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Types of tree fruit

Ginkgo (Ginkgo biloba) "fruit" is a naked seed covered by sarcotesta (aka Cycad seed coat)
Lately we have been noticing tree fruits: Ginkgo, London planetree, crabapple, and dogwood are among the ones we have photographed.  In addition to trees, we are enjoying sightings of rose hips and juniper berries.

Image: Dogwood (Cornus) fruit (a drupe)
The juniper berry is not a berry but rather is a fleshy cone of "merged scales".  Despite its fleshy appearance, the juniper's berry has a naked seed typical of gymnosperms.  Peter Thomas in Trees: Their Natural History defines the naked seed of the conifer as follows: "The scales of conifer cones can be bent apart to reveal the seeds without physically breaking anything apart".  This is not the case for angiosperms (also referred to as hardwoods by Thomas) where "the seed is completely enclosed by the fruit and cannot be seen without breaking into the fruit, whether it is dry nut or a fleshy plum" (Thomas).

Image: London planetree (Platanus acerifolia) seed ball (a capsule)
Thomas groups hardwood tree fruit into four categories: (1) dehiscent dry fruit; (2) indehiscent dry fruit; (3) succulent fruit; and (4) false fruits.  It should be noted that not all fruit are fleshy and some fruit have been falsely classified as seeds in doing so (H. D. Harrington in How to Identify Plants).  Dehiscent fruit "opens naturally to release the enclosed seed or seeds" while indehiscent fruit "does not open to release the seed or seeds" (Harrington).  Some examples of dehiscent fruit are Acacia (legume); magnolia (follicle); and horse chestnut (capsule).  Example of inhediscent fruit include cashew (acene); oak, beech (nut); maple, ash, linden (samara).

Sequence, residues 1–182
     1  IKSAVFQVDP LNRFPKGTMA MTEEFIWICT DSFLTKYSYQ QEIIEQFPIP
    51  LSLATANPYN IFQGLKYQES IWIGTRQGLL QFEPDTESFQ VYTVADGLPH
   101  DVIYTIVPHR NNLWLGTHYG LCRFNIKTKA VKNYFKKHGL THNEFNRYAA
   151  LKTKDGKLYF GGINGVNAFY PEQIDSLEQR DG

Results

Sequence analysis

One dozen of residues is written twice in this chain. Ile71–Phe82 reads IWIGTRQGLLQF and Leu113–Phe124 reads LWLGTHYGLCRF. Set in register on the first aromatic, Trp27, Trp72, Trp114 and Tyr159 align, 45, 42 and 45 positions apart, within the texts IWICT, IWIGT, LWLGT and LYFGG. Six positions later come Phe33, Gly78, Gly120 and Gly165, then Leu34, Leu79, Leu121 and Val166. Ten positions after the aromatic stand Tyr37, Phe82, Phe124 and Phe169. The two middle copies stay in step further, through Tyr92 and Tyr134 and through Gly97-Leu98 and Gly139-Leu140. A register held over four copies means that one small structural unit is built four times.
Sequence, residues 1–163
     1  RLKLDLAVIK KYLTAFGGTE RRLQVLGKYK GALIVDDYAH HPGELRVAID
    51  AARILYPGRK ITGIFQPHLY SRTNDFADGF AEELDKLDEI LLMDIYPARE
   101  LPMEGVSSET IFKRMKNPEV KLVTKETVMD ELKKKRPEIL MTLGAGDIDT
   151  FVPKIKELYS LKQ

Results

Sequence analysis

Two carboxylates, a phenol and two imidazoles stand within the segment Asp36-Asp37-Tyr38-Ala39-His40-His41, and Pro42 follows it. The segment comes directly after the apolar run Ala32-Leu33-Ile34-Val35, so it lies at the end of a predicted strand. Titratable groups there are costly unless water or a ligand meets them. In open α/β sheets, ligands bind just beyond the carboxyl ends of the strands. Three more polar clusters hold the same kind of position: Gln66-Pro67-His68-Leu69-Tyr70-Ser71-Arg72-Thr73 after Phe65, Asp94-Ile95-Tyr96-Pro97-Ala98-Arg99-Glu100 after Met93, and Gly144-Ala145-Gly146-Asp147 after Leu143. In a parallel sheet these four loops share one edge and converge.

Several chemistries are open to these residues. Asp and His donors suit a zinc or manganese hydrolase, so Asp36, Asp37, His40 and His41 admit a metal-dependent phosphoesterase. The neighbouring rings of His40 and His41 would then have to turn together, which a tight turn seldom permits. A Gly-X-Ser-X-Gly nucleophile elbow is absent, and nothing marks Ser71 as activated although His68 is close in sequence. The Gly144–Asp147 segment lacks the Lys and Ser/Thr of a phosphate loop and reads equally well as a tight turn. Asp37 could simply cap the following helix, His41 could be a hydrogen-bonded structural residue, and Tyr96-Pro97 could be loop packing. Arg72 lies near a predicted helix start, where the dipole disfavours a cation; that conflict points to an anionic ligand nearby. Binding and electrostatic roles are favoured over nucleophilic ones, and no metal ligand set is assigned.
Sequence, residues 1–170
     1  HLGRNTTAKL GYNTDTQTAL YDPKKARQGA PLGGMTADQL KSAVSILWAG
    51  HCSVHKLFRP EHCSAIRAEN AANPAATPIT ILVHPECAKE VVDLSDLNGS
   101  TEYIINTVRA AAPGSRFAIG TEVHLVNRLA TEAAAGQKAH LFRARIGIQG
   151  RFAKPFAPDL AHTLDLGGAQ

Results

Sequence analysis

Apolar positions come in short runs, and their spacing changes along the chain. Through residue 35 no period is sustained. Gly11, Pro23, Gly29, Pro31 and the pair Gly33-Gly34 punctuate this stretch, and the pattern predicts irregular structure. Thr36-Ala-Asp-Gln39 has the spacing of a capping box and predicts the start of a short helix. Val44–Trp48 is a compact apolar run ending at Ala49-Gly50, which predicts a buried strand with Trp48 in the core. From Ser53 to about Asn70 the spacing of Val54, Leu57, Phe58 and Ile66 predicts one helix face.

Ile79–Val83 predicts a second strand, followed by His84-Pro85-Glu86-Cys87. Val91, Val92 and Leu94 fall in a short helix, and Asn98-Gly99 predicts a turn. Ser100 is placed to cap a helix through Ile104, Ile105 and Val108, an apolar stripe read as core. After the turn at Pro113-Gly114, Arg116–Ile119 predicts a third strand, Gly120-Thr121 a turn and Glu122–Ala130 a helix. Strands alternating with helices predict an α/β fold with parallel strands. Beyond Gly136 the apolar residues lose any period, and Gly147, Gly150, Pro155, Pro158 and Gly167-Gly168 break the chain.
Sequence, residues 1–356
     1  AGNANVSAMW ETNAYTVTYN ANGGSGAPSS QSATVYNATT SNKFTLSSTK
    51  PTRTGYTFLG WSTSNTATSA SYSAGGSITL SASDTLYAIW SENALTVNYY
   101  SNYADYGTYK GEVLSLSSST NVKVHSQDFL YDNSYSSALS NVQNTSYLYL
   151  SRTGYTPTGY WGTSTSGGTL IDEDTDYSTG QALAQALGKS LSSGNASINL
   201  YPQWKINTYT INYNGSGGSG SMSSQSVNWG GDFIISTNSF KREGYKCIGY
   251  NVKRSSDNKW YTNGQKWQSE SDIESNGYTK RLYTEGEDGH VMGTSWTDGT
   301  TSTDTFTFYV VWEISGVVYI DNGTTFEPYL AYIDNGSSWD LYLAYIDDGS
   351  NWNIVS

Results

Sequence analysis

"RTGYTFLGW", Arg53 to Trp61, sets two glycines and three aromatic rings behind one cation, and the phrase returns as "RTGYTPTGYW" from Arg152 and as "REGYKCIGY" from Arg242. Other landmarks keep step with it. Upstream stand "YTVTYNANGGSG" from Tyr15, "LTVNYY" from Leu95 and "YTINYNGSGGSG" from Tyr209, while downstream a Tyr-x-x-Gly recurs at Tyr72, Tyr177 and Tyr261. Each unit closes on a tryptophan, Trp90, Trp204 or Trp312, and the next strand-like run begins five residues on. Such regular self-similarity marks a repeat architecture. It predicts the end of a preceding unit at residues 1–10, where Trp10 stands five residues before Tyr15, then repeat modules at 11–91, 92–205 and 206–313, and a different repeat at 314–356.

Within the succulent fruit category are three major sub-classes: simple, aggregate, and multiple.  Berries (ex: blackcurrant, banana, date), drupes (ex: plum, cherry; walnuts, almonds), hesperidium (ex: orange), pepos (ex: watermelon), and pomes (ex: apple) are simple succulent fruit; raspberries, blackberries, and rose hips are examples of aggregate succulent fruit; and mulberry is an example of a multiple succulent fruit (Harrington; Thomas;

Harrington classifies the apple, rose hip, and fig as false fruits because these fruits are "supplemented with other structures".  Stamens and petals grow "up and around the true fruit" of the apple (a pome), the rose hip (an achene), and the fig (contains a drupe).

What tree fruits are you seeing?


Les said…
My favorite of the moment is Callicarpa americana.
Vicky said…
It's pawpaw season!!! When I moved in February, I moved away from all the places I had found pawpaws. So this weekend I want to hit up some parks and see if I find some new hiding spots of the trees.
Anonymous said…
Nice post - so much to know!
I like juniper berries, because they make gin!
fiona said…
I'm looking after our neighbours' garden while they are on holiday, and this includes a wonderful fig tree which has just burst with ripe figs during their absence.. I have been fascinated by their sheer beauty but also their strangeness as I was unaware until I looked them up that they are not fruit so much as a kind of inside out flower? Thank you for this excellent post about the different types of fruit, very informative.
gillian Ware said…
Great! thanks for letting me know about the post...
Anonymous said…
I am trying to identify a fruiting tree found in the yard of my new home. It has a simple serrated leaf medium sized, paper bark that is loose, a one inch bumpy berry type fruit that is pale green then ripens to light red pink juicy. Amyone recognise this fruit tree?
local ecologist said…
Anonymous: please submit a photo here (you can include a link in a comment) or email it to info @